Historical Fiction Adventures: eBooks Available!

Every book in Enslow's award winning "Historical Fiction Adventures" series is now available as an eBook!  "Historical Fiction Adventures" are high-interest, factually accurate short novels about important or infamous events in history.  With engaging writing and an extensive section of non-fiction backmatter, each book in "Historical Fiction Adventures" is great for personal or supplemental reading.

You can find "Historical Fiction Adventures" at all of your favorite eBook retailers:

Barnes & Noble

Library and Paperback editions of all "Historical Fiction Adventures" are available from Enslow Publishers or your preferred vendor.

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December 04, 2012

Enslow's "A Champion Sports Stories" Titles Available as E-books

Enslow Publishers' exciting new fiction titles for young readers are now available as e-books! The new offerings include five works in "A Champion Sports Story" grouping. Each book offer fast-paced, action-packed sports stories suitable for Grade 4 reading levels. These high-interest stories embrace uplifting themes such as teamwork, fair play, and sportsmanship. Each book's length, ranging from 104 to 112 pages,  makes these engaging stories particularly accessible for reluctant readers.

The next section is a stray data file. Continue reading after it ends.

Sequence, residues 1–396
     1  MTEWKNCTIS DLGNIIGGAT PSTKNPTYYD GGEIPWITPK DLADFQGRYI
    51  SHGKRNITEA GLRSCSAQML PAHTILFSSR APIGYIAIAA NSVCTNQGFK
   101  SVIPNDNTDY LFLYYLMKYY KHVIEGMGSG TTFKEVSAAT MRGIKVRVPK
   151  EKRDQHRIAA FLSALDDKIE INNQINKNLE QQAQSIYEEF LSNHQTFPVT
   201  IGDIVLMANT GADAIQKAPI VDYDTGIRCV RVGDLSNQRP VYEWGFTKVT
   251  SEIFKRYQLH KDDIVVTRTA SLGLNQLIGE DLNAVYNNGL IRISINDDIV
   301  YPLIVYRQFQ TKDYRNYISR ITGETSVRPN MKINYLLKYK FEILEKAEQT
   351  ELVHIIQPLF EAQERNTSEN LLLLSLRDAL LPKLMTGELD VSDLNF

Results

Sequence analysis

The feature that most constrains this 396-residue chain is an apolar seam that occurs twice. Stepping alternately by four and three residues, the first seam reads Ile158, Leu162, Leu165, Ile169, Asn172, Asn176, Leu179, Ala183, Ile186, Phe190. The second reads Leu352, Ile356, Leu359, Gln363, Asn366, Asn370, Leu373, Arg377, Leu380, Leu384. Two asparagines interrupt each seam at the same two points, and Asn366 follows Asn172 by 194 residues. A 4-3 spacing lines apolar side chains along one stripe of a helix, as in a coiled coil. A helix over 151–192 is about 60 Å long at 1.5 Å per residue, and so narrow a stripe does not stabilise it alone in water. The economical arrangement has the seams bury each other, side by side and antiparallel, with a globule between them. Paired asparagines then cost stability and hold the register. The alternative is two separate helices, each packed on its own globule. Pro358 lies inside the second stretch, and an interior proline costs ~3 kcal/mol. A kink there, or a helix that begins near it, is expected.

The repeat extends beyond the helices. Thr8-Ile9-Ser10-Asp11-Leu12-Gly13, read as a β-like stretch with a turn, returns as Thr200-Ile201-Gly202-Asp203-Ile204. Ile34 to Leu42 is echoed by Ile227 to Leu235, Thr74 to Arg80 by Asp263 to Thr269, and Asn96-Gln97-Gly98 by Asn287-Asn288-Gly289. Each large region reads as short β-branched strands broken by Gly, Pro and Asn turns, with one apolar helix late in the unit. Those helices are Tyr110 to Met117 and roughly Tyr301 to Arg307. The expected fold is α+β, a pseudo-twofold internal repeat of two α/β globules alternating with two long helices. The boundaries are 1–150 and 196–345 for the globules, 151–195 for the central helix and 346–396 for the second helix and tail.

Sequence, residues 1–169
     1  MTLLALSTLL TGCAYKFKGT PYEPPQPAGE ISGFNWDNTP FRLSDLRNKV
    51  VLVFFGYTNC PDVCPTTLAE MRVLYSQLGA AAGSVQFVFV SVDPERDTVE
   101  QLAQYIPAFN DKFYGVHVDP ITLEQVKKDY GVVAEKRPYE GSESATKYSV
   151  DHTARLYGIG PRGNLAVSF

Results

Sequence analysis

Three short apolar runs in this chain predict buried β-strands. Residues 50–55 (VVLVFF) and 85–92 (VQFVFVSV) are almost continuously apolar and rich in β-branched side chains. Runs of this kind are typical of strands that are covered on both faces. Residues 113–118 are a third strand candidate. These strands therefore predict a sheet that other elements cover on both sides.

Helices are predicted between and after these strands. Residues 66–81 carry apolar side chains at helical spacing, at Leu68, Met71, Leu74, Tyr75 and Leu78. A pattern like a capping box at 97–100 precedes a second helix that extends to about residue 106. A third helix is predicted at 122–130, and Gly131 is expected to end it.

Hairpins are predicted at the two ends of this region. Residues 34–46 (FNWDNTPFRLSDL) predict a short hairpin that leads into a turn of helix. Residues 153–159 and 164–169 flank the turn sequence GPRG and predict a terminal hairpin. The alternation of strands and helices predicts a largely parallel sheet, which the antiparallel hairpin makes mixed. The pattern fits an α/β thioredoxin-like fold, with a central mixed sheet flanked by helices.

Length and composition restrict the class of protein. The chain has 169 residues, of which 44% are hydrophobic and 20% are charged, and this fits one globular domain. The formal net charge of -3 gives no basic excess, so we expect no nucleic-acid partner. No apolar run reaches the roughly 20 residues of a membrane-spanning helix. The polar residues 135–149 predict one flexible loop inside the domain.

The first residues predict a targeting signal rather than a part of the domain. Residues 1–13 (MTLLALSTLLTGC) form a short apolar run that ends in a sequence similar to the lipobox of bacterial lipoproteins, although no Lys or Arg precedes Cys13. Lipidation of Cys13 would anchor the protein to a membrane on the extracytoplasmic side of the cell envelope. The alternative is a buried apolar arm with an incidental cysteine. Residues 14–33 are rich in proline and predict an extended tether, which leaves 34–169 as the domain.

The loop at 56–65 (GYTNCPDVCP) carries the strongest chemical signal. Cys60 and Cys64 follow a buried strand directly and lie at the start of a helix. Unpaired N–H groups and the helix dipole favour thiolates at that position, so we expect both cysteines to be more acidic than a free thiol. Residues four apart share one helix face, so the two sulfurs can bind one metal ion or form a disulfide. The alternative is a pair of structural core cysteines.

Purchase these Enslow e-books now from Kobo, Apple, Barnes & Noble, or Amazon.

Library-bound and paperback editions of "A Champion Sports Story" are also available directly from Enslow Publishers or from your preferred vendor.

December 03, 2012

E-books available for purchase

Over the next few days we hope to introduce you to some of our new e-books. We will be adding more to the retailers sites as they are ready.

The Holocaust Through Primary Sources series, targeted toward the middle school reader, captures a variety of major events of the Holocaust, using first-person accounts. Through the words of the victims, bystanders, and perpetrators, individual experiences are told in detail. Unknown as well as well-known Holocaust figures are also looked at.

All six titles in this series (Auschwitz, Kristallnacht, Liberation, Rescuing the Danish Jews, Saving Children from the Holocaust, and The Warsaw Ghetto Uprising) are available through Amazon, Barnes & Noble, Apple, and Kobo.

The library and paperback versions of these titles are also available on or through your preferred vendor.